After half a decade operating on Harford Road, Hamilton’s beloved Green Onion Market is closing its doors.
Co-owner Rich Marsiglia posted the somber announcement on Facebook on Monday.
“Over the past 5 years, the Green Onion Market has provided fresh meats, dairy and produce to our N. E. Baltimore Neighborhood,” he wrote. “It is with mixed feelings that we have to announce the Green Onion Market will be closing.”
The grocery store and café will be closing “within the next two weeks,” he wrote. During that time, the store will be liquidating its inventory of fresh and locally made goods at discounted rates.
Even if you’ve never been inside, you’ve probably seen the Green Onion Market’s iconic carrot impaling the building’s brick exterior while driving up Harford Road through Lauraville and Hamilton. The business, launched in 2011, was a joint endeavor between Marsiglia, Clementine co-owner and executive chef Winston Blick and Baltimore Tattoo Museum owner Bill Stevenson.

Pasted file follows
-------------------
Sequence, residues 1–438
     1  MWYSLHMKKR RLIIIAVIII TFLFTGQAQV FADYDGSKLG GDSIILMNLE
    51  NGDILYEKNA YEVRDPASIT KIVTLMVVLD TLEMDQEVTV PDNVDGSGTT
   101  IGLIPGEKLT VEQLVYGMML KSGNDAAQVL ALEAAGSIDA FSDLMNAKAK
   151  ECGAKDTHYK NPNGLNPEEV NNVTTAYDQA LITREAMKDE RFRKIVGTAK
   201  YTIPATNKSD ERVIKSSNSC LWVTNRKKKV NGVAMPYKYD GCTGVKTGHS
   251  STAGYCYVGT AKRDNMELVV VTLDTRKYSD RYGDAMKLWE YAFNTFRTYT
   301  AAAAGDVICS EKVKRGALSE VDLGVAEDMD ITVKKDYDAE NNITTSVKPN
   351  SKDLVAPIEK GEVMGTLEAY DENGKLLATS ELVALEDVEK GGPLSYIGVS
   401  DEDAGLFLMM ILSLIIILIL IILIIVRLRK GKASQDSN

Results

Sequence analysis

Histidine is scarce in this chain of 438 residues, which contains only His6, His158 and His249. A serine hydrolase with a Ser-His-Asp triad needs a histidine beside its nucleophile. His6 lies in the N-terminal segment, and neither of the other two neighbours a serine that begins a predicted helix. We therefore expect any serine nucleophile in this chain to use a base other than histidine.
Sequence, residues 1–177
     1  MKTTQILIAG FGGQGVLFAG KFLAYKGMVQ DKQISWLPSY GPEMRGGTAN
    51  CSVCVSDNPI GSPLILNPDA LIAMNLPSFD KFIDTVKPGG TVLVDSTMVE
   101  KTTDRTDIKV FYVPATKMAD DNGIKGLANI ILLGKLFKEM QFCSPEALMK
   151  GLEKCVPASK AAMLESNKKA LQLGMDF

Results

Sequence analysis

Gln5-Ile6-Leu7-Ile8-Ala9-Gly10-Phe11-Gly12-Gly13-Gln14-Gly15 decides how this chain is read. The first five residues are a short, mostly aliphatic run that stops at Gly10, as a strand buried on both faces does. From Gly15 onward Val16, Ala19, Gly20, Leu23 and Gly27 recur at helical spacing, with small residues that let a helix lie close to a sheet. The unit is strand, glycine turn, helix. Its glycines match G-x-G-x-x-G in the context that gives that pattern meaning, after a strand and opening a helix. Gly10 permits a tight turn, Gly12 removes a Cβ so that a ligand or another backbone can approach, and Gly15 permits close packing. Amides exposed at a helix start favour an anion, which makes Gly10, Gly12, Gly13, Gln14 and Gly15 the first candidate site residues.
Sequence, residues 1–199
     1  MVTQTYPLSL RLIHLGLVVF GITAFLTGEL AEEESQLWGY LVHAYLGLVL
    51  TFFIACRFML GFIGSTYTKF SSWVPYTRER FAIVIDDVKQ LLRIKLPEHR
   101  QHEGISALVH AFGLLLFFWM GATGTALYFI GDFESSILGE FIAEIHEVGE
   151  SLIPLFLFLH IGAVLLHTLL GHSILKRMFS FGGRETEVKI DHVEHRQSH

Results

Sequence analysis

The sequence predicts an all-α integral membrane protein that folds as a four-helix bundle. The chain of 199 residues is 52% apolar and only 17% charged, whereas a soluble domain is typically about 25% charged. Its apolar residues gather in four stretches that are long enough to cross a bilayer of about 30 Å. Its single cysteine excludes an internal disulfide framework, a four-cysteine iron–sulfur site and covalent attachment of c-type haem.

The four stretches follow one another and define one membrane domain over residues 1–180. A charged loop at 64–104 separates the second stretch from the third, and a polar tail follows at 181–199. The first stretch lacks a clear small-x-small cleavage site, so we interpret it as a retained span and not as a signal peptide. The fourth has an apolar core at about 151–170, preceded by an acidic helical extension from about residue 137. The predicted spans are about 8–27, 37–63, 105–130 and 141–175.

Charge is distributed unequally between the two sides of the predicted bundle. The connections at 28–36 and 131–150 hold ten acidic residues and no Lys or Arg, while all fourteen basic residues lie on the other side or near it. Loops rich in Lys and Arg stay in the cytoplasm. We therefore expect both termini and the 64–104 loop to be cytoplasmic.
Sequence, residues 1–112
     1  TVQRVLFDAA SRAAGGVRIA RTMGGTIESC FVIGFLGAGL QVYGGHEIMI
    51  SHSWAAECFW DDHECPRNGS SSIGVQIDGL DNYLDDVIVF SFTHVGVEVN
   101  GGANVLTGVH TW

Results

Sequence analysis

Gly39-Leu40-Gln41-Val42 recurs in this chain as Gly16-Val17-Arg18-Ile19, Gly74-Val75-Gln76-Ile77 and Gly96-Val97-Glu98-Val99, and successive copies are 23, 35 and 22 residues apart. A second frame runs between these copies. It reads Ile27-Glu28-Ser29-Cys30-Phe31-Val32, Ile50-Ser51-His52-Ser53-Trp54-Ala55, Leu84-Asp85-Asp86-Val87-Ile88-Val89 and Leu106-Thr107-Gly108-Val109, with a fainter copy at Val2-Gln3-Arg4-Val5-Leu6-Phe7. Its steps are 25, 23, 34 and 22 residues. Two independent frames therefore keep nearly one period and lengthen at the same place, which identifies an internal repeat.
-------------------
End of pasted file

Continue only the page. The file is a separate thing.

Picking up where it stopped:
Like Clementine, which lists the market as a partner business online, the market has placed a premium on quality, becoming a grocery staple for many Hamilton and Lauraville residents. Shoppers could also grab sandwiches and other pre-made goods at the store’s counter and café.
Marsiglia, Blick and Stevenson couldn’t be reached Wednesday morning. No one answered the phone at Green Onion Market.
Marsiglia shared his gratitude toward customers in the Facebook announcement. “I want to say from the bottom of my heart to our many loyal customers, I am truly sad to make this unavoidable business decision and will miss seeing you on a regular basis,” he wrote.
He noted he’s a resident of the neighborhood and still owns the building at 5500 Harford Road, adding, “I am sure I will see you in the neighborhood as a neighbor, volunteer or a customer at a local business.”
The closing marks a significant loss for the Northeast Baltimore neighborhood, which has a tight-knit residential and business community. Clementine, Blick’s popular restaurant and catering business located a block away, just reopened five months ago after the restaurant portion had been shuttered for nearly a year and a half. It began serving patrons again in January after Blick and his business partner filed for bankruptcy, restructured their business plan and raised money to renovate the space.
Marsiglia wrote on Facebook that he plans to lease the Green Onion space to another business.
Asked by a commenter on the post if its emblematic life-sized produce will remain at the corning of Harford Road and Hamilton Avenue, he wrote enthusiastically, “Yes the Carrot stays!”
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